Does Product Market Competition Lead Firms to Decentralize?
Stanford University - Department of Economics; London School of Economics - Centre for Economic Performance (CEP); National Bureau of Economic Research (NBER)
Harvard University - Strategy Unit; London School of Economics & Political Science (LSE) - Centre for Economic Performance (CEP)
John Van Reenen
London School of Economics - Centre for Economic Performance (CEP); Stanford Graduate School of Business; Institute for Fiscal Studies (IFS); Centre for Economic Policy Research (CEPR)
January 11, 2010
Harvard Business School Strategy Unit Working Paper No. 10-052
There is a widespread sense that over the last two decades firms have been decentralizing decisions to employees further down the managerial hierarchy. Economists have developed a range of theories to account for delegation, but there is less empirical evidence, especially across countries. This has limited the ability to understand the phenomenon of decentralization. To address the empirical lacuna we have developed a research program to measure the internal organization of firms - including their decentralization decisions - across a large range of industries and countries. In this paper we investigate whether greater product market competition increases decentralization. For example, tougher competition may make local manager’s information more valuable, as delays to decisions become more costly. Since globalization and liberalization have increased the competitiveness of product markets, one explanation for the trend towards decentralization could be increased competition. Of course there are a range of other factors that may also be at play, including human capital, information and communication technology, culture and industrial composition. To tackle these issues we collected detailed information on the internal organization of firms across nations. The few data-sets that exist are either from a single industry or (at best) across many firms in a single country. We analyze data on almost 4,000 firms across twelve countries in Europe, North America and Asia. We find that competition does indeed seem to foster greater decentralization.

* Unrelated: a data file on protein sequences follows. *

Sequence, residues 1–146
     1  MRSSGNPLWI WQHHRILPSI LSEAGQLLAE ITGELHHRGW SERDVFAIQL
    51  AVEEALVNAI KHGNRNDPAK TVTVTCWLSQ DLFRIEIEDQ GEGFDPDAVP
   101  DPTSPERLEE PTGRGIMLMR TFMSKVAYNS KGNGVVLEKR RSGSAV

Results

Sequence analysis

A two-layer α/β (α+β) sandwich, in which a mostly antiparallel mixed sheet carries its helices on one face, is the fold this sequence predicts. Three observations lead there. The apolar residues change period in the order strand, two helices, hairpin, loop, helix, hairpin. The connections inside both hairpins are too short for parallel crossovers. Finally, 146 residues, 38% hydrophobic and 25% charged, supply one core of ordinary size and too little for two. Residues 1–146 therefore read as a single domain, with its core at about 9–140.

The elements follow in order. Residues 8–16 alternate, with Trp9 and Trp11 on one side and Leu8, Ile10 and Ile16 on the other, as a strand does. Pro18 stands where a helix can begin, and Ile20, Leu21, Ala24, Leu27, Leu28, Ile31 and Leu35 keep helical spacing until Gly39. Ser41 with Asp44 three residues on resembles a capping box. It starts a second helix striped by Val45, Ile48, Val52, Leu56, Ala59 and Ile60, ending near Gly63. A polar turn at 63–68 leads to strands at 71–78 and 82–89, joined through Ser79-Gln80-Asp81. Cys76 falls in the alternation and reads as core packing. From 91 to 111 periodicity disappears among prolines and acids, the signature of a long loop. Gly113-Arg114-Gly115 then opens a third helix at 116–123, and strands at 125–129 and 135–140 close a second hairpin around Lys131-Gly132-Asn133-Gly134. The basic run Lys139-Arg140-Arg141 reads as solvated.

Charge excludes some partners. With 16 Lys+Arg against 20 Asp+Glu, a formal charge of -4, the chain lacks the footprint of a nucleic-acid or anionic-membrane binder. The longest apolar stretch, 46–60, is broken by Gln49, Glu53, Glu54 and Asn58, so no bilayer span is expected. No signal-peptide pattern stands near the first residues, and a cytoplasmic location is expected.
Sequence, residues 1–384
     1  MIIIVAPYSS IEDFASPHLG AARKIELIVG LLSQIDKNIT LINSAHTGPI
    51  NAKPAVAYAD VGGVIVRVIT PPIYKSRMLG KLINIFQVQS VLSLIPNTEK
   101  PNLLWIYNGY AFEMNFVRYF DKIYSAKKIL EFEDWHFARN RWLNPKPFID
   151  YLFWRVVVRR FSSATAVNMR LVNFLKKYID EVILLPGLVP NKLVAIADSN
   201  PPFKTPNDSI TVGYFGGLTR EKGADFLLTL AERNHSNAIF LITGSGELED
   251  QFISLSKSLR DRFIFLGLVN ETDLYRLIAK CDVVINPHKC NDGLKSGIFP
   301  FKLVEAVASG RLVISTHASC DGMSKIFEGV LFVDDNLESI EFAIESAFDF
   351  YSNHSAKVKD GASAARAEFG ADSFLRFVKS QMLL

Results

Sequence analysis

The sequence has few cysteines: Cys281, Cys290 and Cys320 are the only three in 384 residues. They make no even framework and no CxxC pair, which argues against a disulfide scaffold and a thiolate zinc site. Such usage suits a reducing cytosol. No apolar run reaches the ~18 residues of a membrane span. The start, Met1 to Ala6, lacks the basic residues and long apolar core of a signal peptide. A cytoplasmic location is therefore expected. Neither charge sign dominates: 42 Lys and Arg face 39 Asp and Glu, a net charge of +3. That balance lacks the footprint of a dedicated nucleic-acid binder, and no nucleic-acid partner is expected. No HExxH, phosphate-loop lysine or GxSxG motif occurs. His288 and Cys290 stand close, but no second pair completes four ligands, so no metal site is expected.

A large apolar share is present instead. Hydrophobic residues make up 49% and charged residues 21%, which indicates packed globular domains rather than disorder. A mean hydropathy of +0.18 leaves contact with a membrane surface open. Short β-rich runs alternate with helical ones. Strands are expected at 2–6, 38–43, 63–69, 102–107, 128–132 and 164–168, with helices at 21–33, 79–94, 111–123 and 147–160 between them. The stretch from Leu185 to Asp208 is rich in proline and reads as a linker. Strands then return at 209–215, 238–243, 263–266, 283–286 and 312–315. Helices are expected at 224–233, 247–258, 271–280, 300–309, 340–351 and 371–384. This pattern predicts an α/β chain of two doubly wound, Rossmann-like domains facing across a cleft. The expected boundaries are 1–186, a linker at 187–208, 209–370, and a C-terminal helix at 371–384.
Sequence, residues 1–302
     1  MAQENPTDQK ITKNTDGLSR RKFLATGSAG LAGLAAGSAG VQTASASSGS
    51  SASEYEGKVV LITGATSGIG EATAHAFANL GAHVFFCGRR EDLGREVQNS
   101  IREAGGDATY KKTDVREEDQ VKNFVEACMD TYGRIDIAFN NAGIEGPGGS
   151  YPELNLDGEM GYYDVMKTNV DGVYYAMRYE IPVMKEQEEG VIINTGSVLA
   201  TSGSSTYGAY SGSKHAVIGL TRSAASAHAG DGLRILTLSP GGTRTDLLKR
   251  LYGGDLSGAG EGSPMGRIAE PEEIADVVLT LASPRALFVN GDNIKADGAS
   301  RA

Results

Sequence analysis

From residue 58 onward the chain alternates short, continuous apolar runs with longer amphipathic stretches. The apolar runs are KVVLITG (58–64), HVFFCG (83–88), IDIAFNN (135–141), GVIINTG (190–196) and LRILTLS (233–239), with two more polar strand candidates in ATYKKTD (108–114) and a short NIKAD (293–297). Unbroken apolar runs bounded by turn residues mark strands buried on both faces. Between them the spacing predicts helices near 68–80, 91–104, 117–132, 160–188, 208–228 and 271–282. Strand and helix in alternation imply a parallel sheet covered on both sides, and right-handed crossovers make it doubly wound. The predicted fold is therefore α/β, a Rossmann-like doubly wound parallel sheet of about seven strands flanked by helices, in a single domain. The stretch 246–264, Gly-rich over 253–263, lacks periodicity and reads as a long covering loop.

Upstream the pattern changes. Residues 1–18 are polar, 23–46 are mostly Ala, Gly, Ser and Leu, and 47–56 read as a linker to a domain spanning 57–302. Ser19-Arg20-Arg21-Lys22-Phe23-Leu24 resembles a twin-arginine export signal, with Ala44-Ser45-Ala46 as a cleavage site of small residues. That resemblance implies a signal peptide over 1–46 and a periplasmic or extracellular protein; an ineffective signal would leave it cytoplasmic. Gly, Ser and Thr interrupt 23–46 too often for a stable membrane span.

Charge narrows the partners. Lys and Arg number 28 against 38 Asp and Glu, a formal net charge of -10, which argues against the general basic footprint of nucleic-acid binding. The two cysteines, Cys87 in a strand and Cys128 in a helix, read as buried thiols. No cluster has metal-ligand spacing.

Number of Pages in PDF File: 12
Date posted: January 11, 2010
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